Search All Site Content

Total Index: 5746 publications.

Subscribe to our Mailing List!

Sign up for our mailing list to keep up to date on all the latest developments.

KEI Spotlight

The Potential for Japan-South Korea-US Trilateral Cooperation Through IPEF

October 6, 2022

This article was published on The Diplomat on September 6, 2022.

Earlier this year, U.S. President Joe Biden introduced the Indo-Pacific Economy Framework (IPEF) as a new approach to connecting transpacific economies and that goes beyond traditional free trade agreements to fill the gap left by the U.S. exit from the Trans-Pacific Partnership. IPEF could also serve as a potential platform for strengthening trilateral cooperation between the United States, South Korea, and Japan.

South Korea and Japan were early signatories to IPEF that continue to be closely involved in its ongoing negotiations, and all three play key roles at different levels of vital supply chains and are sensitive to global economic disruptions, most notably those impacting the automobile and digital technology industries. As the United States confronts these challenges, IPEF is its latest bid to use international economic collaboration to address key points of failure in the market. Through this opening, the framework’s “resilience” pillar provides a potential path for deep and sustained cooperation, particularly between Washington, Seoul, and Tokyo. Given ongoing challenges and past failures of conventional approaches, converging supply chain interests may be able to support extended cooperation for broader Indo-Pacific growth. From the South Korean perspective, IPEF presents the opportunity for trilateral leadership that is not stalled by the pitfalls of traditional engagement.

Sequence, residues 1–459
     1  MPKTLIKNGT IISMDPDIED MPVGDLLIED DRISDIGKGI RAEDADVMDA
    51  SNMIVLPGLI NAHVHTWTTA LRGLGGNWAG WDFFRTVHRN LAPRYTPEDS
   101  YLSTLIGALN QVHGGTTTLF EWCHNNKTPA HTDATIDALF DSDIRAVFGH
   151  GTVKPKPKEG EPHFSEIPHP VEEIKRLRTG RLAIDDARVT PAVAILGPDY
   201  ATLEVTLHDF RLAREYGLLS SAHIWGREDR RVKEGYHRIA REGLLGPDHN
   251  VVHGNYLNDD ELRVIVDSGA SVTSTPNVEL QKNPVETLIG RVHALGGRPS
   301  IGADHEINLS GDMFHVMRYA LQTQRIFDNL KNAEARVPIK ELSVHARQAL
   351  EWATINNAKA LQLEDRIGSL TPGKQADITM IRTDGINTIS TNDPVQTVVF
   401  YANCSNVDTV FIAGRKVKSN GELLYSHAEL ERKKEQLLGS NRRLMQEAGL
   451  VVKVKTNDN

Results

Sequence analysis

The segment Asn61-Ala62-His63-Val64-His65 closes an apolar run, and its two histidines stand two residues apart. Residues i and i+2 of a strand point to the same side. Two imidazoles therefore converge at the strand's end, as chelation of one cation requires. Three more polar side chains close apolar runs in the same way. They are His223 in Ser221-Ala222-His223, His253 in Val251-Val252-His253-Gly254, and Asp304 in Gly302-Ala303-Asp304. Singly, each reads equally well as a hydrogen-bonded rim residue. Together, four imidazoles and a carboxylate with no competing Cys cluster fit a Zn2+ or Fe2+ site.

The COVID-19 pandemic intensified the demand for digitally-integrated products that facilitated safe engagement, which overloaded supply chains across many technology-reliant industries. In particular, shortfalls in the output of semiconductors continue to pose challenges that may last long into the future. The Russian invasion of Ukraine further exacerbated supply shortages, causing delays at all levels of production and transportation. The economic costs of disruptions, namely inflation, reveal the vulnerability of current supply chains.

To read the full article on The Diplomat, please click here.